Turkish Students Express Their Distress After Turkey-Syria Earthquake Kills Thousands


New York Times

Map of Turkey and Syria displaying the earthquake’s epicenter and areas most affected. (New York TImes)

Maria Lemos, Editor-in-chief

As buildings crumbled in Turkey and Syria, so did the hearts of the Turkish community of the school who saw their families, friends and country walk into a period of disaster.

The earthquake on Feb. 6 left many in shock even from nearly 6,000 miles away.

With waves of mourning and panic pouring over the countries of Turkey and Syria, Turkish students attempt to prepare themselves for the times of despair and instability to come.

Junior Melina Olfati has family in Turkey that were present when the magnitude 7.8 hit. Luckily, her family was nearly 700 miles away from the epicenter of the disaster.

However, the distance provided little comfort.

“My uncle was crying on the phone worried that it might happen to them. He was saying ‘What if it happens to us? What if we can’t make it to America?’” said Olfati.

Although Olfati’s family escaped the horrors of the events, thousands weren’t as fortunate.

Sophomore Melek Ozcelik has friends whose families live in the affected cities.

“My old best friend’s grandparents are assumed to have passed. They weren’t able to come out, and now it’s been days,” said Ozcelik.

With thousands missing under piles of fallen buildings, or separated from families at times of distress, attempting to locate loved ones becomes impossible.

As hundreds of thousands of citizens go homeless, commotion and disarray fill the streets.

“One of my friends just moved here six months ago from Marash, the city where it happened. She can’t get in touch with any of her friends from Turkey,” Ozcelik said.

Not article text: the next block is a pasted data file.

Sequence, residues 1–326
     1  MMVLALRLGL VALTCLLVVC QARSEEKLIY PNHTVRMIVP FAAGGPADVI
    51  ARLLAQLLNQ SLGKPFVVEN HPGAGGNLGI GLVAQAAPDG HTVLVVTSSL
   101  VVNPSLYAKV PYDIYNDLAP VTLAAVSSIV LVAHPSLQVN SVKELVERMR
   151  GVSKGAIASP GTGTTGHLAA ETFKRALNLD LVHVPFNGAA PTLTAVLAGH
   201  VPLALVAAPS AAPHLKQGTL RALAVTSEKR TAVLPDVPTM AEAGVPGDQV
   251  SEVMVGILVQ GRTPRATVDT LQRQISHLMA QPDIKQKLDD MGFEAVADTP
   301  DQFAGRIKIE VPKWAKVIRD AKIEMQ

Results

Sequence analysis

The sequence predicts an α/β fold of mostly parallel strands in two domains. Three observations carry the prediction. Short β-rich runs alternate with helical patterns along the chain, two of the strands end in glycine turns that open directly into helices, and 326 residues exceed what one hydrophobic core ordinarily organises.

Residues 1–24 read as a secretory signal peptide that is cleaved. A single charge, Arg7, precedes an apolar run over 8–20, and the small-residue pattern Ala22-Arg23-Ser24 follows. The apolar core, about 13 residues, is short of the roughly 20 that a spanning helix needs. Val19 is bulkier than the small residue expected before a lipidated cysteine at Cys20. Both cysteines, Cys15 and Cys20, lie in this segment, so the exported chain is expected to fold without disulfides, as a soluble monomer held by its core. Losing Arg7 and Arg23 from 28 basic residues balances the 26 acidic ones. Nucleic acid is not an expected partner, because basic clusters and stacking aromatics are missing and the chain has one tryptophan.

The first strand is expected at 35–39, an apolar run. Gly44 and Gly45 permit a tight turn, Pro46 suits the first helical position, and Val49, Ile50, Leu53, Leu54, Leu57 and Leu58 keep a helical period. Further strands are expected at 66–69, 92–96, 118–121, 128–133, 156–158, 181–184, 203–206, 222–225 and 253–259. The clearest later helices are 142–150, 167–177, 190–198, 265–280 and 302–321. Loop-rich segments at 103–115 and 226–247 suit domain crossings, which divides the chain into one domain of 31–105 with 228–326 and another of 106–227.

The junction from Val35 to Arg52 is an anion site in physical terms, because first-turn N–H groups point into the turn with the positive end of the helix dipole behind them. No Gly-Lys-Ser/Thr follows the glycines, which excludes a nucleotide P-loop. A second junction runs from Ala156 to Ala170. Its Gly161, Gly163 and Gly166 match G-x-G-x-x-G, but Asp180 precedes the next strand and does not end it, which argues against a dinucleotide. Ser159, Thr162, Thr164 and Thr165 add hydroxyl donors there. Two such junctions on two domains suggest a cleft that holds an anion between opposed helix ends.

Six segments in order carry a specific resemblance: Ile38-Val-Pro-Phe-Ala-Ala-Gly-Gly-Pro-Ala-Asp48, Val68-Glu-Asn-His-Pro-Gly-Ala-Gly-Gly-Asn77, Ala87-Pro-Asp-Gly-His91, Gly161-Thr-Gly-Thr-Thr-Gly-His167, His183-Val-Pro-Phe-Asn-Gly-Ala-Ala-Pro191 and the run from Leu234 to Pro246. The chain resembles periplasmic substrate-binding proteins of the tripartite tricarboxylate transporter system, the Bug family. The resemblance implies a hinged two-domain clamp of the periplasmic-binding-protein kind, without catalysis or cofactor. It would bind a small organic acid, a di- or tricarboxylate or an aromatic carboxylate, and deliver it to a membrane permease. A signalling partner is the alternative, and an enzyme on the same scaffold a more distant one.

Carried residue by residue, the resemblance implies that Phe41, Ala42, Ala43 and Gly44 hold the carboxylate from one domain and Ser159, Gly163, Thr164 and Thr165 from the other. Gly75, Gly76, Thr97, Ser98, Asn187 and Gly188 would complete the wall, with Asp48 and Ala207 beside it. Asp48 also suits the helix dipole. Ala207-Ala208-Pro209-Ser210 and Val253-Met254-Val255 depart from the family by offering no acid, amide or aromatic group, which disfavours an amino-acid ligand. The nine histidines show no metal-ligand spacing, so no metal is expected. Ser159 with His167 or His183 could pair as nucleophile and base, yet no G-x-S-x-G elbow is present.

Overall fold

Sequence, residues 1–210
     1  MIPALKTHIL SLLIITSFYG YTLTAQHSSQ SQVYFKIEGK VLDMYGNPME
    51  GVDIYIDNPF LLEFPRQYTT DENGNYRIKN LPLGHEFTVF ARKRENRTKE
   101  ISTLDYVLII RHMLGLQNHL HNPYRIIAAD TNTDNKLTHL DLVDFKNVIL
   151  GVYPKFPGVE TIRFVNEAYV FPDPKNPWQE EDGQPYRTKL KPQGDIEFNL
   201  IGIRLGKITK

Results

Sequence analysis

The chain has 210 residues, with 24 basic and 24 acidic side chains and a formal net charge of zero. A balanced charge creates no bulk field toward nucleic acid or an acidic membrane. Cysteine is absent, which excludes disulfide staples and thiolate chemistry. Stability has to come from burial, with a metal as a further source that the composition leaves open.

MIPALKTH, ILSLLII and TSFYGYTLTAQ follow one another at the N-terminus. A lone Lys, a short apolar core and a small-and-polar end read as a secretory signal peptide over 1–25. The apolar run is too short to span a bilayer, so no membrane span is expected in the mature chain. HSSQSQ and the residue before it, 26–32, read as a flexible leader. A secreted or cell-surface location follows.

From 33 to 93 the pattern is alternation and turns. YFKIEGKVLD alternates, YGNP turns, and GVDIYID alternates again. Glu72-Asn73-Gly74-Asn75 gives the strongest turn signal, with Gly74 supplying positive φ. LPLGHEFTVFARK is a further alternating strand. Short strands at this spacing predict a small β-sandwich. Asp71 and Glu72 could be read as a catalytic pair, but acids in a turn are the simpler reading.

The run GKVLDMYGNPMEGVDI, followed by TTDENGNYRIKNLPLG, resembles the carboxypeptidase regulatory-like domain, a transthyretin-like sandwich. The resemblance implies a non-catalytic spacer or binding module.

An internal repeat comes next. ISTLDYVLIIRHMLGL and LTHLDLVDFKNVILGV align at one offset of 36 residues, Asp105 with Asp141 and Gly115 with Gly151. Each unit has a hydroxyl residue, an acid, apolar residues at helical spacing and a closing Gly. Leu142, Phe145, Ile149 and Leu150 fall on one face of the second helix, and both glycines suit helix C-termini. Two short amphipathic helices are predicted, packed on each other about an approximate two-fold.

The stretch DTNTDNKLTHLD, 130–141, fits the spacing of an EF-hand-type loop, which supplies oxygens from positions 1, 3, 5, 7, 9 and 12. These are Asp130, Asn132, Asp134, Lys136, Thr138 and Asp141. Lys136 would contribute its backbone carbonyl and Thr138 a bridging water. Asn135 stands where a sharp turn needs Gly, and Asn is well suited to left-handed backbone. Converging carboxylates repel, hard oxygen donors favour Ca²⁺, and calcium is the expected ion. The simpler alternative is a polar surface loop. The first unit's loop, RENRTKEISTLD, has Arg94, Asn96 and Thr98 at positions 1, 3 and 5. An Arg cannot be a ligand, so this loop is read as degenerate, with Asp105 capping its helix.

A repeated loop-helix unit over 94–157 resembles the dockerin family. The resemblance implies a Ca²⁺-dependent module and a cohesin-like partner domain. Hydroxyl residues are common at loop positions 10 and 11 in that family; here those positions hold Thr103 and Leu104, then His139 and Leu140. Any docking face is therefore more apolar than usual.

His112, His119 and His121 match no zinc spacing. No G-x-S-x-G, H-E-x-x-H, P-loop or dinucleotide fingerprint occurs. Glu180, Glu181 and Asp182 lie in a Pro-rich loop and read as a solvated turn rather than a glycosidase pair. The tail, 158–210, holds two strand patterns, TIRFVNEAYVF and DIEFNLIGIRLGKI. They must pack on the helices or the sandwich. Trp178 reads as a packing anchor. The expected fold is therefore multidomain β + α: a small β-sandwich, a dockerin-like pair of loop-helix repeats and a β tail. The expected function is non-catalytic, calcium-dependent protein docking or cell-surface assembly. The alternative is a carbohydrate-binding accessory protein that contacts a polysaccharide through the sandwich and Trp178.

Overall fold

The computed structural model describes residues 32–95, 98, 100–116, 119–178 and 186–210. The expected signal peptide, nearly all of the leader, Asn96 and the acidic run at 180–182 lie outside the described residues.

In critical times, fallen powerlines and limited electricity make it even more difficult for families to contact one another in hopes of any news that can provide a sliver of hope.

“It’s hard to get into contact with family since they’re all still in shock,” said Ozcelik. Adding that her best friend couldn’t reach her family for the entire day.

“You don’t want people’s phones to die, so you decide not to call too much.”

This combination of delayed communication and a rising death toll only feed into the people’s anxiety.

As of Monday, this natural disaster has officially killed over 36,000 people. These numbers are predicted to increase even more.

“Right now, I think it’s 17,000,” Ozcelik said Thursday. “But as numbers go up it’s not going to be from the earthquake. People are homeless; they’re going to freeze.”

The reality begins to hit as media coverage shows cities demolished, parents mourning and children orphaned.

“You just see so many videos. Fathers losing their children; children losing their mothers,” said Olfati. “I just don’t know how the country can bounce back from this.”

As the death toll rises, so does criticism towards the Turkish government.

“Inflation in Turkey is already really bad, so as is people are barely scraping by to feed their children,” said Olfatii. “I don’t even know what will happen now.”

Some have begun to question the lack of preparation and absence of funds that could’ve potentially … an uncontrollable situation.

“You just wish that if maybe the buildings were more sound, more people could’ve lived,” said Ozcelik. “You can’t really undo that kind of damage.”

The manner of which the Turkish government handles this crisis will be crucial for the country’s upcoming election in May 14.

However, the stress of the moment outweighs any worry of the future.

Any help provided will be deeply appreciated said Olfati.

There are several online resources to donate any amount to aid the people of Turkey and Syria. The International Red Cross has opened up programs accepting donations, as well as CNN with GoFundMe links. These are only two examples of hundreds of organizations assisting in this calamity.

Turkish Airlines is sending items to Turkey for free everyday said Ozcelik.

“Start donating as much as you can. Send anything you can over to Turkey,” said Olfati. “If anyone can bring old jackets, coats, socks, [these] can all make a difference for the people who are freezing and homeless right now.”